Hong Kong and Taiwan investment in Dongguan: Divergent trajectories and impacts

Research output: Chapter in book/report/conference proceedingChapterpeer-review

Abstract

Globalization in the twenty-first century is characterized by the increasing integration of a variety of small and medium-sized players in international networks of production, movement of goods, and flows of information and knowledge (Dicken 2000; Mathews 2006). These features of globalization will continue to throw up new opportunities for involvement on the part of innovative small and medium-sized players, whowill create constant pressure on incumbents. Industries in the Asian Newly Industrializing Economies (NIEs) have upgraded by building links to internationalmarkets and to the necessary sources of technology, expertise, managerial experience, and capital in the advanced countries. Changes emanating from the advanced industrial economies, particularly theUnited States, have begun to alter substantially the prospects for supplier-oriented industrial development in East Asia (Sturgeon and Lester 2005).The concept of “dragon multinationals” has been advanced to characterize multinational corporations (MNCs) that are relative newcomers on the global economic scene, especially the Asian NIEs with an overseas Chinese connection (Mathews 2002, 2006). Unlike MNCs from advanced industrialized economies, the dragonmultinationals from theAsianNIEs are latecomers that internationalize from the periphery rather than from the center, encountering resource shortages and greater distances to consumers and suppliers alike. Recent work has gone beyond just identifying these MNCs: it now concentrates on differentiating between characteristics, strategies, advantages and performance of the groups and their affiliated firms, such as the contrast between Taiwanese and South Korean business groups (Dacin and Delios 2005). Yeung (2006a) argues that the interplay between corporate strategies and home-base advantages within the context of changing global production networks can offer a better explanation for the differentiated competitive transformation of Asian electronics, changing firms from “followers” to “market leaders.” Most studies of the distinctive developmental models of the Asian NIEs have been primarily conducted from the perspective of home regions; relatively little has been written on the transformations of cross-border investment from various sources of the Asian NIEs in host countries, such as transitional China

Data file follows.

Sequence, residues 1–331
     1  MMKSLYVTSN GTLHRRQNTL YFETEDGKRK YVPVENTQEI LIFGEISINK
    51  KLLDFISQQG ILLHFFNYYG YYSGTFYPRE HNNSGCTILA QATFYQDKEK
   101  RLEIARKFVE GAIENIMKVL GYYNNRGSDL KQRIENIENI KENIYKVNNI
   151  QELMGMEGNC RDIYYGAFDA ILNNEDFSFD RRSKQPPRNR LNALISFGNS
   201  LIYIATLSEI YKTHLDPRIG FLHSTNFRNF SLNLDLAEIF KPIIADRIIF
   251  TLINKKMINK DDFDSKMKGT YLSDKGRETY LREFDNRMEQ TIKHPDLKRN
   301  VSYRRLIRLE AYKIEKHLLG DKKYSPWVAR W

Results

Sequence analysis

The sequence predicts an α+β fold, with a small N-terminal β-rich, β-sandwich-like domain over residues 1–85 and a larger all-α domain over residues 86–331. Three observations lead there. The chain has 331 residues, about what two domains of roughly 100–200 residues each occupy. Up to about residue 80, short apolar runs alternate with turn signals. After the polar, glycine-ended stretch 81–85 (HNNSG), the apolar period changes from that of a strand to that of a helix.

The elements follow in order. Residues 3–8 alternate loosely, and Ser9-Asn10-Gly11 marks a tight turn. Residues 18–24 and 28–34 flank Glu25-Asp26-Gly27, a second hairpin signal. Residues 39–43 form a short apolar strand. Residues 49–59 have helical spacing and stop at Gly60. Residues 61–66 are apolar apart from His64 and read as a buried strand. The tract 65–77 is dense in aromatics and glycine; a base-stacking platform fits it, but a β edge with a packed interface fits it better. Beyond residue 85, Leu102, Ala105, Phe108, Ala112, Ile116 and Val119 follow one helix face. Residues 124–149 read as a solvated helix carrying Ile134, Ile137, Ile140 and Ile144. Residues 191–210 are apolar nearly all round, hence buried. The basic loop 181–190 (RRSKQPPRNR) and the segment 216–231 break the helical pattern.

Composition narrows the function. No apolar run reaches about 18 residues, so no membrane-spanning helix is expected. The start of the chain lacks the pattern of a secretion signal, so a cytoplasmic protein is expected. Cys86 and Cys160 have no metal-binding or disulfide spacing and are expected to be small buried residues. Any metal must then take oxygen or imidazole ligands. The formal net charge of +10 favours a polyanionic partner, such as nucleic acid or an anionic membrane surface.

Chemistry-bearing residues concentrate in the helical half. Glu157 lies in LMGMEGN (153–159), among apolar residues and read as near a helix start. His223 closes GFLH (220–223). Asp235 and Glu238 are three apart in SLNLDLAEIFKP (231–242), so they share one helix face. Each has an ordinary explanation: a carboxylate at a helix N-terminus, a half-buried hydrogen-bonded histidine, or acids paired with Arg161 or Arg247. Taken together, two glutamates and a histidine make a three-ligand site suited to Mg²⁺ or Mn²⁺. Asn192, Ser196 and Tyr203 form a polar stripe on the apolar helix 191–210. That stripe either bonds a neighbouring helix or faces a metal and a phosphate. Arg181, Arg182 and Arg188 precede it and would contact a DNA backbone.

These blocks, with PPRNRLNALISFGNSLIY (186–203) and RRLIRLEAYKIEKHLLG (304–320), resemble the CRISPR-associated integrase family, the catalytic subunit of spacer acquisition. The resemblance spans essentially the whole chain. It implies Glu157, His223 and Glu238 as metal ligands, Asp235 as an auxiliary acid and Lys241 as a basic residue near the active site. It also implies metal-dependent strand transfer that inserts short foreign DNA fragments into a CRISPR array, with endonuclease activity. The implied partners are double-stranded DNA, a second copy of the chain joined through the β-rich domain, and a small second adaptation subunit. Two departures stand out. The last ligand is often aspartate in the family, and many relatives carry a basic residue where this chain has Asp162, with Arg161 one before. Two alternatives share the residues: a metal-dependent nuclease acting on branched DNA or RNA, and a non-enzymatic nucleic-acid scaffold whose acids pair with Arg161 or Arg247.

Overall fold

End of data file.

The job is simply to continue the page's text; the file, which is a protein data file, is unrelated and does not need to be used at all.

Original languageEnglish
Title of host publicationChina's Emerging Cities
Subtitle of host publicationThe Making of New Urbanism
EditorsFulong Wu
PublisherRoutledge
Chapter5
Pages89-108
Number of pages20
Edition1st
ISBN (Electronic)9780203937808
ISBN (Print)9780415416177, 9780415590433
DOIs
Publication statusPublished - 13 Nov 2007

Publication series

NameRoutledge Contemporary China Series

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